06/10/2020 at 15:09 •
I was advised recently that I2C is not a good way to pass audio around, and that I should use I2S instead.
However, after much struggling and researching, I've been unable to figure out how to use I2S as a bidirectional multi-slave bus for audio. Maybe it can be done, and maybe it can't; I'm just not able to figure it out.
I've thus decided to set this project aside and turn my attention to an Arduino Shield that combines this with the AudioWing. That will bypass the need for I2S, taking the processor out of the audio flow altogether and leaving it to control the effects and other functions.
I'll supply a link in a separate log here once I've started that project here on Hackaday.
03/03/2020 at 01:55 •
I've now replaced the TFT capacitors on the design with surface-mount equivalents, and tightened up the copper just a wee bit more. Electronically it's the same, of course, but it's a more efficient design.\
(Keeping copper traces as short as possible both saves on copper, and minimizes the electrical resistance between components. The amount of either is tiny and the amount saved is minuscule, but these things do add up.)
01/17/2020 at 00:35 •
As planned, I've rearranged the connections between the MAX11312 and the FV-1, and I do think that this is an improvement. It did, of course, require some shuffling of pin connections, and I'm not sure that I ended up with fewer vias, but I'm pretty sure this at least uses less copper.
(I've left the jpg of the board layout in the Gallery for comparison. The new one has the name vertically; the old one has it horizontally.)
I'm still a bit uncertain about those pull-up resistors, though (as noted in my previous Log Entry). Whether to remove them, leave them be, or put in a switch or a couple of solder headers, I don't know. For now, I'll leave them.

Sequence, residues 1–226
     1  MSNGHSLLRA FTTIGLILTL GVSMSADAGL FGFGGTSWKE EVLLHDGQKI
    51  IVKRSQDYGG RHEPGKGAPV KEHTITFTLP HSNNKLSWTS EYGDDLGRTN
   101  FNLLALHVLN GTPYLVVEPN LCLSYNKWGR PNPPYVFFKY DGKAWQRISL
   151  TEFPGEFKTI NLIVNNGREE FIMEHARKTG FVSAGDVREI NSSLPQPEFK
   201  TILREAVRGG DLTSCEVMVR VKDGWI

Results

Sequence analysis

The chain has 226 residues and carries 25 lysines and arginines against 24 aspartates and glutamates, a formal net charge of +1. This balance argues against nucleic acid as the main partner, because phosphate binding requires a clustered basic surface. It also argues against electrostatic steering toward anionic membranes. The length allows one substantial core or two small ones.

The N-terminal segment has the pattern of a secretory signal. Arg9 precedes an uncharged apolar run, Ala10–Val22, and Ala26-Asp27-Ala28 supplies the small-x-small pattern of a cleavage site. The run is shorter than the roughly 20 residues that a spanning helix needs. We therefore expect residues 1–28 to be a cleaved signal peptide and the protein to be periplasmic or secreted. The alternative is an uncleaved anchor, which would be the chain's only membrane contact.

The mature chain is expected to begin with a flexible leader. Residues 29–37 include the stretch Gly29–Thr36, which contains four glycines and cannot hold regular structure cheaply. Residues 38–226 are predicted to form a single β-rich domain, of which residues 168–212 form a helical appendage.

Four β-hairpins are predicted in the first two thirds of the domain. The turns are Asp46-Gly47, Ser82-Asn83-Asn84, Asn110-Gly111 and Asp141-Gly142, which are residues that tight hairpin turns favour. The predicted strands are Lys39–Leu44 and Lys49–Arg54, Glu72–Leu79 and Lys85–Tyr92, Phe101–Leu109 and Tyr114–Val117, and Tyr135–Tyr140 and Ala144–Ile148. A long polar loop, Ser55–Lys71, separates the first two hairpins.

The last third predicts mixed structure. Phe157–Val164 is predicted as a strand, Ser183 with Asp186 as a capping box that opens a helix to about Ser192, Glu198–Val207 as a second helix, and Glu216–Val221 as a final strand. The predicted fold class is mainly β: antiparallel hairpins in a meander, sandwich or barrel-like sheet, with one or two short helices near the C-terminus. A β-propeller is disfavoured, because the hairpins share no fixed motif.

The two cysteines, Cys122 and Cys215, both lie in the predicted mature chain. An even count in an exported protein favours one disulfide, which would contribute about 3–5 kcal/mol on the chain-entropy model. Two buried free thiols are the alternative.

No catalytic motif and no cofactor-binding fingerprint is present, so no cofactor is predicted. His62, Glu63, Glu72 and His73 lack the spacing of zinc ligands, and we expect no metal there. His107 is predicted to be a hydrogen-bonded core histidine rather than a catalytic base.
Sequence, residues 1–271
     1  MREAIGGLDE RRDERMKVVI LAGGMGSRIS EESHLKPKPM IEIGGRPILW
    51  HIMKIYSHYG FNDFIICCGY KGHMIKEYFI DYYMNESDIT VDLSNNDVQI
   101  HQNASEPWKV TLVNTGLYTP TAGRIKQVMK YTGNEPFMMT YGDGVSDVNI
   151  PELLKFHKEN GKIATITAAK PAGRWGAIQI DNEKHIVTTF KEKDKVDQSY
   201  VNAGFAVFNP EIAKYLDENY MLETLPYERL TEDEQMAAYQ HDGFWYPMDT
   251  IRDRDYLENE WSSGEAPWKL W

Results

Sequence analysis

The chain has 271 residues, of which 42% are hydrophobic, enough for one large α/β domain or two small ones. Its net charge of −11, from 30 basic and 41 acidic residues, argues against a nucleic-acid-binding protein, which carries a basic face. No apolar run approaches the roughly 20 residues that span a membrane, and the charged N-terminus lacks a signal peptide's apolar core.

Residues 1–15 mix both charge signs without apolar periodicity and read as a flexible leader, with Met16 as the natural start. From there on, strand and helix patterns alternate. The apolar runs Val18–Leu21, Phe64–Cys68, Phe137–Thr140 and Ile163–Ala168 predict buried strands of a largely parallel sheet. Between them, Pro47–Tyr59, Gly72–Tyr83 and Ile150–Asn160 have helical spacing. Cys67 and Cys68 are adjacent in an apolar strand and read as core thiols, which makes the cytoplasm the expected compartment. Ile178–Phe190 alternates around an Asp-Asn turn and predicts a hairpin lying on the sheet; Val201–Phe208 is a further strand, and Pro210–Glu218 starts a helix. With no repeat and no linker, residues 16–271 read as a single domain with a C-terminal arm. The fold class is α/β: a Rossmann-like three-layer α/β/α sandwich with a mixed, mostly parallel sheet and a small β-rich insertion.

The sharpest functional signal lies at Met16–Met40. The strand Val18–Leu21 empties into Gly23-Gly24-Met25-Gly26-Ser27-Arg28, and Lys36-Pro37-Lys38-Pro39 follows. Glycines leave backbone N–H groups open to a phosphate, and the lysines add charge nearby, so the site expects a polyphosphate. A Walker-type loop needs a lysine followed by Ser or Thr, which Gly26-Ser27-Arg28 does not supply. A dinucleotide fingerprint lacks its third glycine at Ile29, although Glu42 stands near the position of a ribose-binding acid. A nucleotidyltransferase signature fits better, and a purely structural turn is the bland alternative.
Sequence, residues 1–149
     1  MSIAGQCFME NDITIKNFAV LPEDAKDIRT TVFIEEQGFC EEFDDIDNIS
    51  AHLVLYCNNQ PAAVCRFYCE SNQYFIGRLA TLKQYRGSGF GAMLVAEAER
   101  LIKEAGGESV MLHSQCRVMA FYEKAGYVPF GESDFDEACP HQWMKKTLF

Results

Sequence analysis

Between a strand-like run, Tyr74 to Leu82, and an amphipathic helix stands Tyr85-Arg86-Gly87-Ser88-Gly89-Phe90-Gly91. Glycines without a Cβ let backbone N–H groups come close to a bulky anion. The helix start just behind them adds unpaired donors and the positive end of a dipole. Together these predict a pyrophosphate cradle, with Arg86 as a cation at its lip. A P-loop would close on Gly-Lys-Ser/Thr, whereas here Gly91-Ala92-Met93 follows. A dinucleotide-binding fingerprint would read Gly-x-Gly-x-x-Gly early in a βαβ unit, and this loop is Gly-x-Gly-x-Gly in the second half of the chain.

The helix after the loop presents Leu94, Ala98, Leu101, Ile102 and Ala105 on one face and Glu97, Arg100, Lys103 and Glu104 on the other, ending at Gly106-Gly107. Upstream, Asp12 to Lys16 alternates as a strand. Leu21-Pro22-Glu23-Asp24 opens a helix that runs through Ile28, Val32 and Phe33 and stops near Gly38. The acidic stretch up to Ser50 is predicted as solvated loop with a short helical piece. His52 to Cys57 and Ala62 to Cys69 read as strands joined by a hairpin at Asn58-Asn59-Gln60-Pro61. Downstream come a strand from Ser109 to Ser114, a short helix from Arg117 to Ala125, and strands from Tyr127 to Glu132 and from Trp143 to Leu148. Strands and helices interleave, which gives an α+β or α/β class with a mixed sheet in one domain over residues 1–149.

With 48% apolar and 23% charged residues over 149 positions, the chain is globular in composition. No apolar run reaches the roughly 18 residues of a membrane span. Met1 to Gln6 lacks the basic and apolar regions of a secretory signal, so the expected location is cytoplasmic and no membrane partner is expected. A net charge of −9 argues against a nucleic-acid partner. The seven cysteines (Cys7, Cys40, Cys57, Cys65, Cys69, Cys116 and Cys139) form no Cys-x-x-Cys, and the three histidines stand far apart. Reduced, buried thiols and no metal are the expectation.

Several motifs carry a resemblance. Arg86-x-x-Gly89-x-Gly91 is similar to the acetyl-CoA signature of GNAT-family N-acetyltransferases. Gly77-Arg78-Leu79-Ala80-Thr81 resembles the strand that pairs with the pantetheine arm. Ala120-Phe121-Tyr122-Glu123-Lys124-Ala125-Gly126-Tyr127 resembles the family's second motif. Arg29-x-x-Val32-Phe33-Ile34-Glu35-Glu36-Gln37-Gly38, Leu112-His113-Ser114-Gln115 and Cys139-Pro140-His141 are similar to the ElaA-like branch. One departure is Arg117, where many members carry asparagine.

I think I'm done with major revisions, though, at least until I have a good, working SoundWing.
01/12/2020 at 20:02 •
After finding that I'd neglected to include pull-up resistors on the SoundWing, I decided to check this board as well. Sure enough, no pull-ups were on board.
While probably electronically sound, this layout is a horrible mess of leads and vias, and I think it can be better. I probably will rework the whole thing (including changing the order of I/O connections between the two big chips) before I send this off to anyone.
EDIT: How much do you folks think this board will need pull-up resistors, anyway? This board is intended for use with a SoundWing (another project of mine), which will have them on board; I really can't think of any application that would happen without it. Some feedback on this question would be helpful.
01/03/2020 at 20:59 •
Contrary to my earlier assumption, I found a multi-mode I2C chip with 12 ports: the Maxim MAX11312. I've removed the two that I had been using, along with as many references to them as I could find in the Description, and have put in the MAX11312, with a start at the pin connections. I'd be surprised if I don't have to make some changes in that regard (connecting some floating pins, adding some components, changing a connection or two, etc.), but what I have here will do until I can really dive into the data sheet.
I think the board will be much easier to handle with just one I2C address to worry about.